March 23, 2017 - 2017 marks the 60th anniversary of the Treaty of Rome, which started the European Union (EU) project with the establishment of the European Economic Community – also known as the Common Market. Its objective was to integrate trade and strengthen the economies of the area, based on the underlying political vision for “an ever closer union among the peoples of Europe”.
For businesses across the EU, the Single Market and its rules act as an essential backbone providing opportuni- ties that are now taken for granted – but which previously would have been regarded as unimaginable.
The business of aviation is no exception. Once a sector artificially constrained by an intrusive set of national regulations and political interference, European aviation has thrived with the creation of the Single Aviation Market – with comprehensive common rules on safety, security, environment, market access and consumer benefits as well as with the establishment of a social dialogue.
The Single Aviation Market has yielded extensive and affordable air connectivity for citizens and countless businesses. It has also acted as an engine of growth and job creation for the wider economy. The EU is today home to world-class aerospace companies providing quality employment to a highly skilled workforce while the creation of related European technology initiatives such as SESAR and Clean Sky have also benefited the wider EU aviation community which is working together under the umbrella of the Advisory Council of Aviation Research in Europe (ACARE). Today, aviation in the EU accounts for 4.1% of the bloc’s GDP and supports 8.97 million jobs.
In view of this track record, the European aviation community is today marking the moment of the 60th anniversary of the European project to reaffirm its commitment to the EU.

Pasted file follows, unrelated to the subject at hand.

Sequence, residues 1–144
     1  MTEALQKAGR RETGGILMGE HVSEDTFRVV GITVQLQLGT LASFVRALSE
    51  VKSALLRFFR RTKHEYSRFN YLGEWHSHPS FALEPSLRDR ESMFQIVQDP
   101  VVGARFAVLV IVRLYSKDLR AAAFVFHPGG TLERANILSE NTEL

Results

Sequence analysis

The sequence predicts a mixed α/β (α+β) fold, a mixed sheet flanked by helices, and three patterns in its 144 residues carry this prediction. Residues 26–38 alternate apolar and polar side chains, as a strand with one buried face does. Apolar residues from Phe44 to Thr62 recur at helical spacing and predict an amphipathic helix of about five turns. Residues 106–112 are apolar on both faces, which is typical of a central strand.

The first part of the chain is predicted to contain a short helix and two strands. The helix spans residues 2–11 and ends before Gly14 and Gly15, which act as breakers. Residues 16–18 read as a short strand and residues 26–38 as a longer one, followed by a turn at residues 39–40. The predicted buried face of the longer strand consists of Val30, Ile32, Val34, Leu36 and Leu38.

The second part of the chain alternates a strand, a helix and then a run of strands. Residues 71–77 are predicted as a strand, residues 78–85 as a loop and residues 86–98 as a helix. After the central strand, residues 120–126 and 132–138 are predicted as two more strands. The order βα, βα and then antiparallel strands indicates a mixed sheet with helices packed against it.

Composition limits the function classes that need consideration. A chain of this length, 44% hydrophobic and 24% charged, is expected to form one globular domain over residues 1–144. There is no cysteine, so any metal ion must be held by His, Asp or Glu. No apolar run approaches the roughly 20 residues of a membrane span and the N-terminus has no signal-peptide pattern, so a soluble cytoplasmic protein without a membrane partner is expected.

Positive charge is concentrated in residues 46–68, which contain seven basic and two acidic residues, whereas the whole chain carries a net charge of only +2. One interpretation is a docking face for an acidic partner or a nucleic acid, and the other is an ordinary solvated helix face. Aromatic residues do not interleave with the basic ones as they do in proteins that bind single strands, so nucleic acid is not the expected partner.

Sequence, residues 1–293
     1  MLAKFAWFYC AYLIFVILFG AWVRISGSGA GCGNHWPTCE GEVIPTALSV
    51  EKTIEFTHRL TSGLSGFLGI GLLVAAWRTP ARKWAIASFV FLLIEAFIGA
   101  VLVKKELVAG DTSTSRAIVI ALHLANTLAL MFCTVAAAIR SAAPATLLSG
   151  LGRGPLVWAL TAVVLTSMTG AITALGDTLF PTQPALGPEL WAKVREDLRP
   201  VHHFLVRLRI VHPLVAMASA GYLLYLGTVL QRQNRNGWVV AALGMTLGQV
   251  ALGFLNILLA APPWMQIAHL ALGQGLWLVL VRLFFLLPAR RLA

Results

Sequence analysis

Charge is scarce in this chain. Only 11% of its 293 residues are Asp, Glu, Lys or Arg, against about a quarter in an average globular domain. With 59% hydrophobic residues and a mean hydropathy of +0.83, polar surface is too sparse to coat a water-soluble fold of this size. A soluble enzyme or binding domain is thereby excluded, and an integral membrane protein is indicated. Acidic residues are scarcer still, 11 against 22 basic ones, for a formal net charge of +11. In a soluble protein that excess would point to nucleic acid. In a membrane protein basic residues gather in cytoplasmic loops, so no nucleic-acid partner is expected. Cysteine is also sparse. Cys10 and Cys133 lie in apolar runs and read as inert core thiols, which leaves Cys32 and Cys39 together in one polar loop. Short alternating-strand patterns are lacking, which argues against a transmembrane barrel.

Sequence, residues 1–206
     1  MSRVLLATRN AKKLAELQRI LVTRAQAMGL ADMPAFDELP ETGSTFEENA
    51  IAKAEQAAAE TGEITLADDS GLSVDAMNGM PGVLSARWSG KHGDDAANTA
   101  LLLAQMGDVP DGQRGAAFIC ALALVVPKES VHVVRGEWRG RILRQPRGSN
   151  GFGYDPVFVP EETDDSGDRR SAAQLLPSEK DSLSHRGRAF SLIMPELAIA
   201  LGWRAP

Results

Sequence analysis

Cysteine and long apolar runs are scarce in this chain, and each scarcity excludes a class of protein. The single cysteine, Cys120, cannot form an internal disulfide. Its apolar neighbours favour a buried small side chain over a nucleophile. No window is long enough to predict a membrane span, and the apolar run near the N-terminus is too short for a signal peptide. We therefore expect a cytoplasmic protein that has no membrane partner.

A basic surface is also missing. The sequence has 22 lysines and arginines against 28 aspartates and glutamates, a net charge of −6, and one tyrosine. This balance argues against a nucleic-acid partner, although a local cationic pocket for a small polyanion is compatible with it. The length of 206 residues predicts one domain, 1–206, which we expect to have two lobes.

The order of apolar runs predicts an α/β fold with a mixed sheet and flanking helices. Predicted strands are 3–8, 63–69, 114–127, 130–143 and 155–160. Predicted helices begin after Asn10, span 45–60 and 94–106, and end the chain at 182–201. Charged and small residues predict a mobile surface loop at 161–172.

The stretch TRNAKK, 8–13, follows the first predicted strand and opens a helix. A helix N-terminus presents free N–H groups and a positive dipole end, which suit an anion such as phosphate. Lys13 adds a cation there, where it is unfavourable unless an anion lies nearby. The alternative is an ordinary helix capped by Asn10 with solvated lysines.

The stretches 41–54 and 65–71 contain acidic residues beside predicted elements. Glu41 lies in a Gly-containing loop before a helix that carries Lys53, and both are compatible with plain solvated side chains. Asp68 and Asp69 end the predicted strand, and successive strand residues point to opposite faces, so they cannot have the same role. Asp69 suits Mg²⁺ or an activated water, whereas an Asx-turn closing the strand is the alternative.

With the EU project facing unprecedented criticism and existential threats, now is the time to speak in defense of its achievements for aviation (employers and employees) and consumers. The 60th anniversary of the Treaty of Rome serves as a reminder of how far we have come. An opportuni- ty to take stock of what has been achieved and appreciate things that are now taken for granted or even dismissed. Airspace users (including airlines and rotorcraft operators), airports, air navigation service providers and aircraft & equipment manufacturers are thus calling on Member States to preserve, reform and strengthen the EU.
As businesses and together with our employees, we cannot afford to lose the freedom, legal certainty, connectivity and prosperity enabled by the Single Aviation Market. We are mindful that these essential benefits are intrinsically linked to the wider political endeavours and dynamics of the EU, and the fact that the Union’s greatest – yet too often overlooked – achievement remains that our continent has been enjoying the longest period of peace in modern times.
Looking ahead, we are convinced that the EU is the only way to address the range of geopolitical, environmental, economic and social challenges that EU Member States are now facing.
Today, more than ever, it is our shared responsibility to help preserve the Single Market – and thus stand up for the EU.